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India ties among most consequential in 21st century: US

Looking at relations with India "as one of the most consequential of US foreign policy in the 21st century", the US wishes to capitalise on their converging values and interests to confront global challenges, said a senior US official.

world Updated: Mar 13, 2010 10:43 IST

Looking at relations with India "as one of the most consequential of US foreign policy in the 21st century", the US wishes to capitalise on their converging values and interests to confront global challenges, said a senior US official.

"India is going to be an increasingly important factor in the 21st century, but also an increasingly important friend," Robert O Blake, Assistant Secretary of State for South and Central Asian Affairs, said in an interview with Asahi Shimbun.

"So, it's very much in our interest to seize that opportunity now," he said noting, "That's why you saw President (Barack) Obama make Prime Minister (Manmohan) Singh the very first state visitor of the new administration."

"And that's why, I think, you're going to see the United States working very, very closely with India in the course of the Obama administration," Black said explaining why Washington wanted to take ties with New Delhi to what Secretary of State Hillary Clinton called to a higher "US-India 3.0." level.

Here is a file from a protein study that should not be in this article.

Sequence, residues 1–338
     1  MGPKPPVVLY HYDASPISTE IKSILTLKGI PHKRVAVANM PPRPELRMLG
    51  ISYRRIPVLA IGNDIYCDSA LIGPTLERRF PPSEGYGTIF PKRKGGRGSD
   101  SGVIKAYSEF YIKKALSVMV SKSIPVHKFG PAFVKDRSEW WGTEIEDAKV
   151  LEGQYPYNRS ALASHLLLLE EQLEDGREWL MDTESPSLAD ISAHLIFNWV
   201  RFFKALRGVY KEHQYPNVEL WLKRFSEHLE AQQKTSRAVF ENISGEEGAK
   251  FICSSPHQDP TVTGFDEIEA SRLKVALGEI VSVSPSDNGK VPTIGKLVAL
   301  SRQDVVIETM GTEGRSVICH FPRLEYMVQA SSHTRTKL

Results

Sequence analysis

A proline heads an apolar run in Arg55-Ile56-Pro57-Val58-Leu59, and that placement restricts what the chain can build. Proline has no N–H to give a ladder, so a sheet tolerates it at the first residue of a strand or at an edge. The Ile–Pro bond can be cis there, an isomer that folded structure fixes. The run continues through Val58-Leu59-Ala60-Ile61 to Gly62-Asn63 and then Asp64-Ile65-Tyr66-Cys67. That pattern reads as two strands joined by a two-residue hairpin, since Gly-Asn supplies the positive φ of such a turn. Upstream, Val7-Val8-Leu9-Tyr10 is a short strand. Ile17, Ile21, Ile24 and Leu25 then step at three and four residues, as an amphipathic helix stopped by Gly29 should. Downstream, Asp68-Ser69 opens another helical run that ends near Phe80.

"I think President Obama and Secretary Clinton really see that our relations with India are going to be one of the most consequential of US foreign policy in the 21st century," he said according to the transcript of the interview released
by the State Department.

"So we see it as very much in our interest to try to capitalise on the converging values and interests that we have between the United States and India, and the strong people-to-people ties that we have with India," Blake said.

The US wanted to do so to not only make progress on the wide range of bilateral activities that it has with India, "but also, increasingly, to cooperate with India to confront the challenges of the 21st century, be they global proliferation concerns or trying to complete the Doha Round of global trade negotiations, climate change."

Asked if US looked at a stronger US-India relationship as a good diplomatic counter against China, Blake said: "We are pursuing our relations with India on their own merits."

"We don't put it in the context of our relations with China, which we also greatly value and, of course," he said noting, "China also will be one of the most important powers of the 21st century, and we have our own, separate partnership with China that is extremely important to the United States as well."

"So, we try not to hyphenate those two. I mean, we are pursuing them in their own tracks, and we value both," the official said. "But, we don't try to put our relations with either one of those countries in the context of our relations with the other."